Leading edge serrations as a noise reducing high-lift device for owls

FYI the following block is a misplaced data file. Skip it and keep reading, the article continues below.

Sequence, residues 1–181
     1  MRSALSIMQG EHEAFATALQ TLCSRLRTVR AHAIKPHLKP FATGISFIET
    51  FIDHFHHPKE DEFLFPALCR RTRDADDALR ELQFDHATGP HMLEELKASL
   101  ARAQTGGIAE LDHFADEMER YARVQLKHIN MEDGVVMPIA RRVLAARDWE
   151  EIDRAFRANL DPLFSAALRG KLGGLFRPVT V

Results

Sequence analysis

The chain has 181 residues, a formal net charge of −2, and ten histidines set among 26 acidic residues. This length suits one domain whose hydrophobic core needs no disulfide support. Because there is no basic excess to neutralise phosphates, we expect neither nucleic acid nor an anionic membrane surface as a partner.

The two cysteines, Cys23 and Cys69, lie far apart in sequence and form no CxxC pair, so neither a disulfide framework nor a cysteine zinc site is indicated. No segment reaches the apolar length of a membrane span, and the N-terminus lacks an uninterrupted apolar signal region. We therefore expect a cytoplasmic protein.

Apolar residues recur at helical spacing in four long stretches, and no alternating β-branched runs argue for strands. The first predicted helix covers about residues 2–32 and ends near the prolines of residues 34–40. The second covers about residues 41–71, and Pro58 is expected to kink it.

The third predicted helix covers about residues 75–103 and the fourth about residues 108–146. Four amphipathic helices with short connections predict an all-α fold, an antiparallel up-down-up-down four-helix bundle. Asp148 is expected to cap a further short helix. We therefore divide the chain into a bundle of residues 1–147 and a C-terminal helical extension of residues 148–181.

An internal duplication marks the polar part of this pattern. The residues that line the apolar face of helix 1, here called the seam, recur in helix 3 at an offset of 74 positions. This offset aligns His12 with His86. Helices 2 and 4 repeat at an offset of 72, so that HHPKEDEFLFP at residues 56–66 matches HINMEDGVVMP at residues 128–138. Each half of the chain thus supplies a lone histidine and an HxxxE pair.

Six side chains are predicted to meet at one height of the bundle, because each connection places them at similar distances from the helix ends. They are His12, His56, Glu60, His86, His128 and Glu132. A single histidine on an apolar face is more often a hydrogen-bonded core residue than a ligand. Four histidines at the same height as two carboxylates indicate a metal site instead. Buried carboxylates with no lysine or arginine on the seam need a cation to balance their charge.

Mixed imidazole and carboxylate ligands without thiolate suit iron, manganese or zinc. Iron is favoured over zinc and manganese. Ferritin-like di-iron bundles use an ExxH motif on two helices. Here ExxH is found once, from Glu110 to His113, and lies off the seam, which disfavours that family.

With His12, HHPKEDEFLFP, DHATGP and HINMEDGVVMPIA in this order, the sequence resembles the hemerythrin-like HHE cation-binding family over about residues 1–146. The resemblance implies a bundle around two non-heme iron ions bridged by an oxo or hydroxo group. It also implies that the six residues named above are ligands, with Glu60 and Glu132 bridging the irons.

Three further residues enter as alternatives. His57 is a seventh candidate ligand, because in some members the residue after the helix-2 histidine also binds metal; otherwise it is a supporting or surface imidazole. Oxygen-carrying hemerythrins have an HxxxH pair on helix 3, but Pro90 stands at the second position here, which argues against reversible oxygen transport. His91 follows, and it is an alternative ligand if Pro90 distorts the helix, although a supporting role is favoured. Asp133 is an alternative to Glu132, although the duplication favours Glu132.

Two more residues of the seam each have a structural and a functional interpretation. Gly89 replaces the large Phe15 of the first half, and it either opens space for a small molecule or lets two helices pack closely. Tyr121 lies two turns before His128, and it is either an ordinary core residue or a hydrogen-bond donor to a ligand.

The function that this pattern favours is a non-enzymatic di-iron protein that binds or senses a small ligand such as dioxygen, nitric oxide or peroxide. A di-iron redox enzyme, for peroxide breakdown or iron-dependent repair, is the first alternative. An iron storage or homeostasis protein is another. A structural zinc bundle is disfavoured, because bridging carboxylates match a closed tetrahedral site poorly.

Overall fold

Owls are stealthy fliers. They reduce the noise level and prevent prey from hearing them. An understanding of the mechanisms underlying silent flight may be an inspiration for the development of engineering solutions where stealth mode or noise reduction is required. Owls reduce aerodynamic noise in an efficient manner. One of the prominent mechanisms is the leading-edge serrations that radiate from the leading-edge and identified by many as the primary noise reducer. These serrations turn the flow over the wing at the leading-edge into the spanwise direction toward the wingtip, thus producing a stationary leading-edge vortex (LEV) that delays flow separation about the owl’s wing. The proposed research will study this unique noise reduction phenomenon resulting from the owl’s leading-edge serrations through both numerical simulations and experiments.